This is intended for use in floating wind farms and for off-grid applications, including temporary electrification of oil and gas installations in harsh environments.
In January DNV awarded the foundation Approval in Principle from DNV; the main scantling class approval is based on Siemens Gamesa’s SG 11.0-200 DD offshore wind turbine, combined with the integrated foundation.
Deepsea Semi is designed for low-cost, industrial mass production and has been dimensioned for wind turbine generators up to 15 MW, including the SG 14.0-236 DD.
Odfjell Oceanwind now aims to secure DNV class approval of the foundation for these larger turbines, which should soon be commercially available for floating application.
The design basis is said to cover all areas for floating wind farms currently in planning in the North Sea, Norwegian Sea and Barents Sea, and prospective areas related to the UK INTOG process. It covers water depths in the range 60 m to 1,300 m.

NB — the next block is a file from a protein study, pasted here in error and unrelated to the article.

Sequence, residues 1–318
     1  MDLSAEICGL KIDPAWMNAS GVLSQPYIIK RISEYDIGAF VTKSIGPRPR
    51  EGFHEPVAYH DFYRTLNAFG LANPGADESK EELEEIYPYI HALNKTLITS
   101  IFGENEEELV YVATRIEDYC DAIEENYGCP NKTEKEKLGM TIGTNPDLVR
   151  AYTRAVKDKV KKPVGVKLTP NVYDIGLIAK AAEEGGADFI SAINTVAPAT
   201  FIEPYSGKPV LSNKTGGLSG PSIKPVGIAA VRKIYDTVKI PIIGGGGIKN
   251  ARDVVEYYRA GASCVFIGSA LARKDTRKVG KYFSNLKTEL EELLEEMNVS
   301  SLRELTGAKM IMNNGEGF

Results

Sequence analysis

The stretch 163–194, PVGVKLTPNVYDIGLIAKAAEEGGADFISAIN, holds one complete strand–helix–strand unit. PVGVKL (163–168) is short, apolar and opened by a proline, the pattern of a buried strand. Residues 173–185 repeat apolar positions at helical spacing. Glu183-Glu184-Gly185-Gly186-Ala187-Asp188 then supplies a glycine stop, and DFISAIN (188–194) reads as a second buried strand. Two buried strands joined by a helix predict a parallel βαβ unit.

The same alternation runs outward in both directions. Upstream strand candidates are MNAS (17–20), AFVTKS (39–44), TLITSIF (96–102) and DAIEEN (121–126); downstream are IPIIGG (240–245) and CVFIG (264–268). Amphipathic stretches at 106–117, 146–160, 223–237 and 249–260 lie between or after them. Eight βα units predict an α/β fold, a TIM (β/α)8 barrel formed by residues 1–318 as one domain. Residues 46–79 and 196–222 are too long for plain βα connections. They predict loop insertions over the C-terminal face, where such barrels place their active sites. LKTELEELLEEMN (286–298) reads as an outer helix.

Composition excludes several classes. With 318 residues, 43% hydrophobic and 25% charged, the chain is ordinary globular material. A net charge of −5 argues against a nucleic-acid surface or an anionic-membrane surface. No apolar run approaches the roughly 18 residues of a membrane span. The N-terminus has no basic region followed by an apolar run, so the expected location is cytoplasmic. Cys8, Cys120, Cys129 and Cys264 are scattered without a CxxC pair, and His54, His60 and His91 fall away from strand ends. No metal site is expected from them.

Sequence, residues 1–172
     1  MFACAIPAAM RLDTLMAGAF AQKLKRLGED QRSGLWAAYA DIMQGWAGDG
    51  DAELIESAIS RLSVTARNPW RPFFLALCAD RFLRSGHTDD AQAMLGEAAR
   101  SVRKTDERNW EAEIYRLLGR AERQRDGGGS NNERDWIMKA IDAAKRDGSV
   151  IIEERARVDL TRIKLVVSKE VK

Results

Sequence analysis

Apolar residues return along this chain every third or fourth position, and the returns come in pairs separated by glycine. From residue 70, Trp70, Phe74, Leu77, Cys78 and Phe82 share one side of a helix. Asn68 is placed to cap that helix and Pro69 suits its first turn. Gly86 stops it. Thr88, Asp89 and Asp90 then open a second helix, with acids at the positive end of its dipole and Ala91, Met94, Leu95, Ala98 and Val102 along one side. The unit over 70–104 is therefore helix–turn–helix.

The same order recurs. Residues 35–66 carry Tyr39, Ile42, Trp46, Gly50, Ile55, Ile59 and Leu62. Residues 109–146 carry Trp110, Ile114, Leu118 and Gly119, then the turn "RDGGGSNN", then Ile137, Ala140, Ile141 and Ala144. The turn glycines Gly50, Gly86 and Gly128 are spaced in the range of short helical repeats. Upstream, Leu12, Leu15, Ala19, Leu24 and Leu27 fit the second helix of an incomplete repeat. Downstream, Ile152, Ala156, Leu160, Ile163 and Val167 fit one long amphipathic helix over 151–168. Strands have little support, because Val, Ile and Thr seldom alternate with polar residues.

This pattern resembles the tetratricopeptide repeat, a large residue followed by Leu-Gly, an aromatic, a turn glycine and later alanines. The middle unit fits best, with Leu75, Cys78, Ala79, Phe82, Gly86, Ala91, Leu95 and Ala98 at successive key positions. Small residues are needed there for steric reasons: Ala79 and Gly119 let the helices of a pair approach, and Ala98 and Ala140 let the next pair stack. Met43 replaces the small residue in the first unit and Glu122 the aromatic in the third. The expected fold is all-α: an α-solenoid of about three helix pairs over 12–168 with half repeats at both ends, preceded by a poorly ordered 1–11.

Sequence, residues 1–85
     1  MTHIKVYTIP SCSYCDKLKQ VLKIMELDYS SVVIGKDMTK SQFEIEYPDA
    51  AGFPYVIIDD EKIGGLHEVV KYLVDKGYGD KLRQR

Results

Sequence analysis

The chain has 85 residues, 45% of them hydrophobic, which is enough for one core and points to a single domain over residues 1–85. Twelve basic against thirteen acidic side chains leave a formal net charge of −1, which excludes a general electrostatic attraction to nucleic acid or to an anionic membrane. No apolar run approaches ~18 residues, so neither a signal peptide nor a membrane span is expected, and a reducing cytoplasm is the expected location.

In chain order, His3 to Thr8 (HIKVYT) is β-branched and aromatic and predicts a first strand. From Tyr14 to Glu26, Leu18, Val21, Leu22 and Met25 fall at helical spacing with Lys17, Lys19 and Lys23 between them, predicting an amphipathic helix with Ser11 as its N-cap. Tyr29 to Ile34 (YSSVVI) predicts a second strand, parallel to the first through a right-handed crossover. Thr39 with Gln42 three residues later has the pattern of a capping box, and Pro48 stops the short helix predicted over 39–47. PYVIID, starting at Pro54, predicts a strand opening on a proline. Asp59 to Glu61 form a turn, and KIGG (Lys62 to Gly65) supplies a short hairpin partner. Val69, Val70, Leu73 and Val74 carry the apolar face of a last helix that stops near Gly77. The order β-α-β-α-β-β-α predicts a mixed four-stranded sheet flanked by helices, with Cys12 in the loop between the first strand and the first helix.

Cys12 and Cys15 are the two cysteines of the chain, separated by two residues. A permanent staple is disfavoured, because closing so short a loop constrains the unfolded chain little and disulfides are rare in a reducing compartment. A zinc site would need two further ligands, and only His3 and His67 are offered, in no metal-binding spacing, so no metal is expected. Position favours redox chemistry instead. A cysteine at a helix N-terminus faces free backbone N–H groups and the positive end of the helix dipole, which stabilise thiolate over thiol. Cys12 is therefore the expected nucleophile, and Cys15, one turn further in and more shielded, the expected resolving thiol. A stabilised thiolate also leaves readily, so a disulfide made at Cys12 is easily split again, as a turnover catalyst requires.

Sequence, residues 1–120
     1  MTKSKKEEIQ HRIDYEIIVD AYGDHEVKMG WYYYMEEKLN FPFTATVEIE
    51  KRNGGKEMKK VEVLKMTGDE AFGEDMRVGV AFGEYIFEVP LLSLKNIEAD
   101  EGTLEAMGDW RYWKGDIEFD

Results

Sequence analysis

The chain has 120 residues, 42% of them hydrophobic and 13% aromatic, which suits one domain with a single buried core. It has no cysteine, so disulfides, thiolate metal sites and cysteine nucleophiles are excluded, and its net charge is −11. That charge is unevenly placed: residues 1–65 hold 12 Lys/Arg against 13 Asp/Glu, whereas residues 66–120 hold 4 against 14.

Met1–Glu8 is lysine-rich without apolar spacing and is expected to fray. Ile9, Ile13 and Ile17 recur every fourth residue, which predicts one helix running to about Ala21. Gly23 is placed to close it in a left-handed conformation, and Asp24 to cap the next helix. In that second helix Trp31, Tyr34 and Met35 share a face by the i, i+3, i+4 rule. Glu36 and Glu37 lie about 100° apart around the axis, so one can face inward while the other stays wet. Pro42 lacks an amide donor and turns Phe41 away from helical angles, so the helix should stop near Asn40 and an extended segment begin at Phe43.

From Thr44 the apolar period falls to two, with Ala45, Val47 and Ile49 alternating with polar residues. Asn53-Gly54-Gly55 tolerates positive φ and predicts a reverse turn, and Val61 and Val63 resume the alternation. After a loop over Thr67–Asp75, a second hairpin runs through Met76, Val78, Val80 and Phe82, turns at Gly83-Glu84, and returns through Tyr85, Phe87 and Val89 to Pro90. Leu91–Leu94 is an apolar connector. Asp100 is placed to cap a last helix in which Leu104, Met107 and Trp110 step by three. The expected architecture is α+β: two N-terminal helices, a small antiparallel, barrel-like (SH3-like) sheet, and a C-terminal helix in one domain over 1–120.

Odfjell Oceanwind CEO Per Lund said, “We continue building on the long-term relationship with DNV, which we plan to extend also through full classification and certification of floating offshore wind units for wind park application as well as our own fleet of mobile offshore wind units for off-grid application.
“We now have a product readily available and very well suited for near-term oil and gas electrification initiatives, innovation parks in northwest Europe as well as wind park projects like Utsira Nord, Celtic Sea and Scotwind, including locations West of Shetland.”
Odfjell Oceanwind envisages the wind units typically starting operations around two years from orders being placed.
Its mobile offshore wind units for electrifying offshore oil and gas installations would complement power from shore.